Legendary Nashville guitarist Duane Eddy returns to the UK after 20 years for a limited number of gigs. Grammy award winning and this years MOJO winner for the Musical Icon Award plays a rare show with VERY special guest Richard Hawley.
Number One Rock and Roll Instrumentalist of All Time
Read more: http://www.myspace.com/duaneeddy1#ixzz0wNzX
Duane Eddy, the most successful and influential instrumentalist in Rock and Roll history, is the man who added a new term to the American music dictionary - Twang. The sound he created was easily identifiable and uniquely his own. Strong, dramatic, single-note melodies, the bending of the low strings, and a combination of echo, vibrato, and tremolo, produced a signature sound that was unlike anything heard yet, a sound that would be featured on an unprecedented string of thirty-four chart singles and sales of over 100 million worldwide.
In the early days of Rock and Roll, the notion of the lead guitarist as the charismatic figure in the spotlight was completely novel. Duane Eddy moved the guitar player front and center. Quiet and unassuming offstage, he cut an indelible figure with an electric guitar in his hands. It was a classic pose that defined the cool iconography of what it means to be a Rock and Roller.
Born in Corning, New York, in 1938, he began playing at age five, emulating his cowboy hero, Gene Autry. The family moved west to Arizona, in the early Fifties, where Duane met his longtime partner, co-writer and producer, Lee Hazlewood. Together, they created a successful formula based upon Duane's unique approach to his instrument, and Lee's experimental vision in the recording studio, and have been referred to as “one of the greatest hit-making machines of the Rock and Roll era.” His first album, Have Twangy Guitar Will Travel, contained six hit singles, and remained on the charts for an astounding 82 weeks.
Elements of country, blues, jazz and gospel infused his instrumentals. They had evocative titles like, Rebel Rouser, Forty Miles of Bad Road, Cannonball, The Lonely One, Shazam, and Some Kinda Earthquake. They were filled with rebel yells and brilliant sax breaks. The worldwide popularity of these records, beginning with Moovin' and Groovin’ in 1958, broke open the doors for Rock and Roll instrumental music. His band, The Rebels, featured musicians who were to become some of the world's best-known session players. Sax players Steve Douglas and Jim Horn, pianist Larry Knechtel, and guitarist Al Casey have been heard on hundreds of hit records, becoming members of the famous "Wrecking Crew" in the Sixties, and touring with a very elite group of artists through the years.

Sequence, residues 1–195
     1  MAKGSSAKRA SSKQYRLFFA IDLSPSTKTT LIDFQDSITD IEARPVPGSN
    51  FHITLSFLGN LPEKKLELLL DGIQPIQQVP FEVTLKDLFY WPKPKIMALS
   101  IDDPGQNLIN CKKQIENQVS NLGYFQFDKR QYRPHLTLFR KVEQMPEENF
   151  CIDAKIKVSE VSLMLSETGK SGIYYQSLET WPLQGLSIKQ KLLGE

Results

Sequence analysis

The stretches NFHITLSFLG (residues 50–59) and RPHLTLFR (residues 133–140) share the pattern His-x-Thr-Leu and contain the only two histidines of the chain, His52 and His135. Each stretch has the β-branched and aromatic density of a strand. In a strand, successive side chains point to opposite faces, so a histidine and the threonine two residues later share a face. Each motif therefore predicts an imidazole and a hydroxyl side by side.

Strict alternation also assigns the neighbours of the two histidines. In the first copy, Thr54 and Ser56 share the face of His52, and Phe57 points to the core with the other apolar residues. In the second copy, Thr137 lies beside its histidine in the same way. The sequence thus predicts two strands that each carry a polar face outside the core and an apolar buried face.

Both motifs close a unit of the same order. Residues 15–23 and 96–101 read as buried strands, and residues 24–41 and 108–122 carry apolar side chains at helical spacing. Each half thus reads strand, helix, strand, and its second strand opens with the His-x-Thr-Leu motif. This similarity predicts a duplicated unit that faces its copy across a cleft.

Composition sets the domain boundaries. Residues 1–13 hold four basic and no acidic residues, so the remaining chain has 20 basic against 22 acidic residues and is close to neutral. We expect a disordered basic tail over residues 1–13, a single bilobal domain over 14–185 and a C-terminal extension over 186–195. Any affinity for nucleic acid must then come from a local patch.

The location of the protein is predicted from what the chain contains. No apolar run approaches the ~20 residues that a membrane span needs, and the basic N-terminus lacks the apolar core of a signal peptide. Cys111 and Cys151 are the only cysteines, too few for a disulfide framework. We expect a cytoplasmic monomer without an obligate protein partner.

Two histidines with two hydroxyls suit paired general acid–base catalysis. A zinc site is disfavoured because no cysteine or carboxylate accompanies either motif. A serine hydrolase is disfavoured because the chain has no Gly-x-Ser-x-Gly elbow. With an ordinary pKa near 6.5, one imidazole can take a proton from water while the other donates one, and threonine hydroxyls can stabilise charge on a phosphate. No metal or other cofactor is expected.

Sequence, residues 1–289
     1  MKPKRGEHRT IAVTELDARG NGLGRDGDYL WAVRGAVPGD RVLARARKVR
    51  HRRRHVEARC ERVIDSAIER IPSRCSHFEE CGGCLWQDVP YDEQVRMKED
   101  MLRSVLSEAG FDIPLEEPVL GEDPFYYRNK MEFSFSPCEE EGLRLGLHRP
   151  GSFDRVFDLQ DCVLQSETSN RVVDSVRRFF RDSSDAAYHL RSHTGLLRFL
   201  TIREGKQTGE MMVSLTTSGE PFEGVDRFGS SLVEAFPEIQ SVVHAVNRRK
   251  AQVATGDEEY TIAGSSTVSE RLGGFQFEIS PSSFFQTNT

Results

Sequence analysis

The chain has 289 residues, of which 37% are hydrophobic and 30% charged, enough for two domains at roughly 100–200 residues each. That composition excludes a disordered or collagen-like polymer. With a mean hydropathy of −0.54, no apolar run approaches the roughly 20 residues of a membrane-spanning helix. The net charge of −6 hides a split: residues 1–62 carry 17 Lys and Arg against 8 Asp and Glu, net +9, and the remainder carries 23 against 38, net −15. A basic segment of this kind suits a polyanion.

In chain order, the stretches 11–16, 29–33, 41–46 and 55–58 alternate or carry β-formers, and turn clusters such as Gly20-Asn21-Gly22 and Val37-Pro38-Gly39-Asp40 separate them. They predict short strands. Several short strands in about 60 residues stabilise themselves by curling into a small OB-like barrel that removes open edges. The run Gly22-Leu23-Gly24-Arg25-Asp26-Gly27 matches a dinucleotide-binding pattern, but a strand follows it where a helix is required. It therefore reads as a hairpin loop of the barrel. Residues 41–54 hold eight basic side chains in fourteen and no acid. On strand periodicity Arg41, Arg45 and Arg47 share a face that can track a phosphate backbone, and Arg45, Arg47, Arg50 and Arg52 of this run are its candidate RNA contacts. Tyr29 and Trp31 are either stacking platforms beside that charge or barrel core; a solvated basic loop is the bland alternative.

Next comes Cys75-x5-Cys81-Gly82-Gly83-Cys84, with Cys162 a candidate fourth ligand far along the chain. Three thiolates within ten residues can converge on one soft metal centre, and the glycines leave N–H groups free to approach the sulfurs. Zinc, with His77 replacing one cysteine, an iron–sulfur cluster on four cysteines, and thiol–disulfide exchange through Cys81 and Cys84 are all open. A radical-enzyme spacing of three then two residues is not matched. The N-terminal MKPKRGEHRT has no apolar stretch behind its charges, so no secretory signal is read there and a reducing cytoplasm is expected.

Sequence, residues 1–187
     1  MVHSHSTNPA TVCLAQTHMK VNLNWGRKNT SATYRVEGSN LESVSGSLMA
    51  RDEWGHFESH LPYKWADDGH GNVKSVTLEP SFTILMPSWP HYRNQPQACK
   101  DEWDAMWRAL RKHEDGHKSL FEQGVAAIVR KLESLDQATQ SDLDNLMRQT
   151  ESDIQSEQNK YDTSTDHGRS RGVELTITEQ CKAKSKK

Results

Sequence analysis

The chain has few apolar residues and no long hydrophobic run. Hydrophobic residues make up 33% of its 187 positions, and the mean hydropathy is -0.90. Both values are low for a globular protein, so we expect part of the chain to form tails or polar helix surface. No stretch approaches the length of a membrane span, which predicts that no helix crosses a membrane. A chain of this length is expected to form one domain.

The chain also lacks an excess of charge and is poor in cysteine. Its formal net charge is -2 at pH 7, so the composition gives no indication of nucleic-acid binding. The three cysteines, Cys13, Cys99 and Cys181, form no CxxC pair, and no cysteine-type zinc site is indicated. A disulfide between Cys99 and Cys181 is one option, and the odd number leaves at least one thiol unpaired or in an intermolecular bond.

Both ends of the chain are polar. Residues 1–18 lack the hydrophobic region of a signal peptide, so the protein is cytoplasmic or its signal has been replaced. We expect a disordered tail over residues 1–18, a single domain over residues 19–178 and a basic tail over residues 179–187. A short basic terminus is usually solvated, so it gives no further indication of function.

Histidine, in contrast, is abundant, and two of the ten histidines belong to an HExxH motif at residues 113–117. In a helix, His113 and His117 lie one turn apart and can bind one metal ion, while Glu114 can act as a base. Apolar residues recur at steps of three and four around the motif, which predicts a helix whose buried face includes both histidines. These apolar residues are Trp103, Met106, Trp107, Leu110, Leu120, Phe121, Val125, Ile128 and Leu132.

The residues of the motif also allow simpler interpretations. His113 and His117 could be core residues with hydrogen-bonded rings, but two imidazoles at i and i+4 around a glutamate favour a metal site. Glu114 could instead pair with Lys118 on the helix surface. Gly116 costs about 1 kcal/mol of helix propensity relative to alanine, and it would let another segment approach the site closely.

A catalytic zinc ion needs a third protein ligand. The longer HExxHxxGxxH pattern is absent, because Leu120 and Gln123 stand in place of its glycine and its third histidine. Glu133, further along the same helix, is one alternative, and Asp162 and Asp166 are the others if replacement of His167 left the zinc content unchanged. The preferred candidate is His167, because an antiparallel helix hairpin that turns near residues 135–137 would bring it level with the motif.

The following decade was a blur of touring and recording, with an astonishing amount of work being released. Duane constantly broke new ground, producing over 25 albums spanning a broad range of themes. At the height of the Rock and Roll era, he recorded an album of completely acoustic folk music, Songs Of Our Heritage, the first "unplugged" project, so to speak. There were orchestral albums, Big Band sounds of the Forties, and an album of songs written by Bob Dylan, who, years later, would write, “For sure my lyrics had struck nerves that had never been struck before, but if my songs were just about words then what was Duane Eddy, the great rock and roll guitarist, doing recording an album full of instrumental melodies of my songs?”
The Seventies were equally busy for Duane. He produced album projects for Phil Everly and Waylon Jennings. A collaboration with hit songwriter Tony Macaulay led to a worldwide top ten record, Play Me Like You Play Your Guitar. The single, You Are My Sunshine, featuring Willie Nelson and Waylon Jennings, hit the country charts in 1977.
An amazing group of legendary players hit the road in early 1983, showing up at small, intimate clubs. Friends of Duane's, some old, some new, had put this band together wanting to give the fans a chance to hear him in a unique setting - Don Randi on keyboards, Hal Blaine on drums, Steve Douglas on sax, and Ry Cooder, on guitar. Needless to say, this group rocked, and the lines around the blocks and the superb reviews said it all. Duane Eddy was back, and a whole new generation of fans was listening.